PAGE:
problem in the notes of the ticket, but never would that discussion
leave the internal side of the company.

The other system may track the public communication.

>> In contrast you might have a local policy that whoever replaces the
>> toner in the print opens a "trouble ticket" on it.  That ticket is
>> closed when the new toner cartridge is put in the cabinet under the
>> printer.  This "problem" may occur a dozen times per year, and you
>> can't merge it by buying one cartridge to serve three printers.
> You don't think that you might get 7 users put in tickets for the same
> printer being out of toner?  You'd want to merge those.  Likewise you
> might prefer to track a recurring bug separately.  "App cores when I
> click here" might happen more than once over time.  Even if due to a
> regression you might want a new bug, not to reopen the last one.

I don't think we're saying the same application code couldn't support
bug tracking or customer request tickets -- it's probably more a
customization thing and/or a business practice thing.

Companies like Siebel and PeopleSoft make a living out of creating
systems for all of the above, plus sales tracking, plus management
metrics, all with different user logins and views -- but that all pull
from one (or more) back-end databases for displaying that data in a
format useful to the person's job who's logged in at the time.  Another
module for RMA's, Inventory, Shipment Tracking, whatever... they just
keep squeezing money out of the company they sold it to by creating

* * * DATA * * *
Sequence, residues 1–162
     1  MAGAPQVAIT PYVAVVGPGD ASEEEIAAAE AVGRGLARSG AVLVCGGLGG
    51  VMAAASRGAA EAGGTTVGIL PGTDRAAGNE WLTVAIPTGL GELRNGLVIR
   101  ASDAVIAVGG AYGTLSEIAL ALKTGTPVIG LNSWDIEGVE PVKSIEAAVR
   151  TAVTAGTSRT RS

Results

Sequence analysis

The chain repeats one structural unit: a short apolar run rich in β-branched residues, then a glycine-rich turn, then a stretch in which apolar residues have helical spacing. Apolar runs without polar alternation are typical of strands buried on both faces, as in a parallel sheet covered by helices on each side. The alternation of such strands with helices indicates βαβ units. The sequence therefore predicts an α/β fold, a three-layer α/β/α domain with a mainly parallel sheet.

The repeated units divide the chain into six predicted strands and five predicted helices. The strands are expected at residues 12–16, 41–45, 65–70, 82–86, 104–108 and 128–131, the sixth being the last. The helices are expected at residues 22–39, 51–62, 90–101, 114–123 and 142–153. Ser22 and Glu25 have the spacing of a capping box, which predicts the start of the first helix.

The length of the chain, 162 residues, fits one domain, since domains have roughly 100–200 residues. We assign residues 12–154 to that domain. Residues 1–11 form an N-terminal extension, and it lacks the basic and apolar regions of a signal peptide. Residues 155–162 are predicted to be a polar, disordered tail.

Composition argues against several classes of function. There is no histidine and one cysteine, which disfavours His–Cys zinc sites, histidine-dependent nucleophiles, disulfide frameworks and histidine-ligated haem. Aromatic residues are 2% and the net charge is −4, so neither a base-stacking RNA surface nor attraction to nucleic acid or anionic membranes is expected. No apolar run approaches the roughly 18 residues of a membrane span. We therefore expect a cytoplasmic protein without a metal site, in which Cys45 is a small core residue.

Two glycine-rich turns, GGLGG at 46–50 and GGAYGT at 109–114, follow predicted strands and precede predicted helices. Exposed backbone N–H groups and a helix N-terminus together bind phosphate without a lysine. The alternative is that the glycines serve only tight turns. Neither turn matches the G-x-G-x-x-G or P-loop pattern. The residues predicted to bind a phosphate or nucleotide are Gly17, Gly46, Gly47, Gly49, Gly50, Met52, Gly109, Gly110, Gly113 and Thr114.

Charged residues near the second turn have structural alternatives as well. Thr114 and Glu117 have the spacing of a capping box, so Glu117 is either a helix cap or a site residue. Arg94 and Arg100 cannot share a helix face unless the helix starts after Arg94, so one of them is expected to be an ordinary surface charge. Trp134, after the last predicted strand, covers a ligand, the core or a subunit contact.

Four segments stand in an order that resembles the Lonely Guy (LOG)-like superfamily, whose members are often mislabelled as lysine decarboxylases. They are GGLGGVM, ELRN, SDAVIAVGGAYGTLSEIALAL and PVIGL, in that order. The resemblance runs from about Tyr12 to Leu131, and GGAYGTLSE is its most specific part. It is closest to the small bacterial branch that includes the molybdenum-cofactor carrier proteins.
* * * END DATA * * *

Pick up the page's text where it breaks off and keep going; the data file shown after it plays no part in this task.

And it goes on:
customized views to the same data in the back-end.  The success of these
applications depends an AWFUL lot on the business knowing EXACTLY what
their own internal processes are and what they need to get those jobs
done before buying such highly-integrated tools -- but it's rare that
any large company really knows all that going in.  They buy the tool
thinking the tool can organize them.  And that just doesn't work.

Show me an office that can be 100% organized and run their business with
filing cabinets and pencil and paper first, and they'll be the ones who
can easily transition to a completely online system and be 100%
successful at it, if they're careful.

The biggest benefit most companies get out of ATTEMPTING to automate
data flow is in finding out exactly what "stuff" is not organized or
written down anywhere, and only exists in someone's head.  Of course,
rarely do CIO's and CTO's budget for "round two" of customization --
that second push to add the stuff you learned wasn't in the database the
FIRST time through.

It's all about organization and how you display the information to the
end-user.  And if the application is more difficult to use than just
remembering the information in your head or covering you wall in post-it
notes... the apps not the right app for your business, because people
will always follow the easy route -- policy or not.

It's also about scale.  How much data can each system handle before
there are massive performance problems?  Many companies choose the
expensive, proprietary route so they can choke the throats of the
software provider when performance issues arise and have someone to
blame for them... or at least they can say "they're looking into it" so
when the vendor comes back and says "your hardware is overloaded for
that system" they've got some plausible deniability that they should
have known that... crazy?  Yeah... probably.  But very true of "big